Date Published: October 2018
When using CDBG funds to acquire such properties (24 CFR 570.201(a)), the situation can be more complicated. This is due to the fact that both the acquisition and demolition activities must meet a national objective. In this case, the demolition would have to meet the slum and blight national objective, either on an area basis (SBA) or a spot basis (SB), unless the demolition is integral to another activity that benefits lower-income persons, such as affordable housing.
The acquisition must also meet a national objective, usually based on the follow-on activity that the property will be used for after the demolition. There are several ways to approach national objective compliance. If acquisition for the purpose of clearing the property occurs, the clearance that meets the slum and blight (area or spot basis, SBA or SB) national objective is considered the use of the property. Second, through public ownership for an eligible use such as a park in a low- and moderate-income area (LMA), the acquisition can rely on the national objective of that eligible end use. Third, the acquisition can qualify through the property’s disposition for an eligible activity (24 CFR 570.201(b)).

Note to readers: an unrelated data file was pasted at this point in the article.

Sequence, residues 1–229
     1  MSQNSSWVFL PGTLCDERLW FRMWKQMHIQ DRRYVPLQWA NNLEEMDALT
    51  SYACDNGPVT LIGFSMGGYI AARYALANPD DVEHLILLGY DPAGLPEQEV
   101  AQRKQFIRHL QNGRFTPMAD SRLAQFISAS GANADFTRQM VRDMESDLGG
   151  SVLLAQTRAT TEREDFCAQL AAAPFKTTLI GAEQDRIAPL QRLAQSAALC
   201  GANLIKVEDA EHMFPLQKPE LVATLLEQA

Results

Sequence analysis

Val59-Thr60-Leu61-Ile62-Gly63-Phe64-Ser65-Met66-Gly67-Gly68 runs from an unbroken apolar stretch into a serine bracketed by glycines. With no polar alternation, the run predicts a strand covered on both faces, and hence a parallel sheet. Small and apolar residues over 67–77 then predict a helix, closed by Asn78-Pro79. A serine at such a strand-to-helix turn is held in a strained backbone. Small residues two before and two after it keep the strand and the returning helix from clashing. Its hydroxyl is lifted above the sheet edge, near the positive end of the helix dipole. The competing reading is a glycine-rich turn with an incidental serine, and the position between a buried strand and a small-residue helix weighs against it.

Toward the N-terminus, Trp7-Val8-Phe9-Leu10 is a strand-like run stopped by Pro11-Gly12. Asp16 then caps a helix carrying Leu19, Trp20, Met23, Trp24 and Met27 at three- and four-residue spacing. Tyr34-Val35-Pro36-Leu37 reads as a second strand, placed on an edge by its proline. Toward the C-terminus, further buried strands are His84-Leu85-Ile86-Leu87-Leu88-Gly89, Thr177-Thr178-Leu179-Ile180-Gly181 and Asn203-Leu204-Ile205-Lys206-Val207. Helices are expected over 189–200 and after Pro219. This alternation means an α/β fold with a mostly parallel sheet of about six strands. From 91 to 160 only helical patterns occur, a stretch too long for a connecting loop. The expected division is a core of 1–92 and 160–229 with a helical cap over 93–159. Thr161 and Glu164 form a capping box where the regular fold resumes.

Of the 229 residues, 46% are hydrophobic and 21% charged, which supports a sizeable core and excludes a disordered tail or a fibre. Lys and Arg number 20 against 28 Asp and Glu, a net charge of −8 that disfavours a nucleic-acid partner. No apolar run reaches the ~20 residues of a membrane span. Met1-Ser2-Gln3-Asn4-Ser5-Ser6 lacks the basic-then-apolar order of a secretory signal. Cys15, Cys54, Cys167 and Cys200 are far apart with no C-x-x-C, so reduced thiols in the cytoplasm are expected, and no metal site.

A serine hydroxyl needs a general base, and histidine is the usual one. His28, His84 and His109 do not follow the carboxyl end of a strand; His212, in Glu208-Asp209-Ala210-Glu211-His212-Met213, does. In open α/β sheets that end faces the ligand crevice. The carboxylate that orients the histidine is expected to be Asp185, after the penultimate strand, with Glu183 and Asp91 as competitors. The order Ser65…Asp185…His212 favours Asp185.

In all cases, the acquisition activity must meet a national objective, but not necessarily the slum and blight national objective required for the demolition. For example, if the property is ultimately used for affordable housing, the acquisition would meet the low- and moderate-income national objective for housing activities (LMH).
It is very rare for acquisition alone to meet a national objective; generally acquisition is paired with another activity such as rehabilitation or disposition, and the rehabilitation or disposition meets the national objective (unless, as above, demolition is the end use). If the acquisition never meets a national objective, the purchase is ineligible. Note that an eligible end use that meets a national objective could be funded with sources other than CDBG.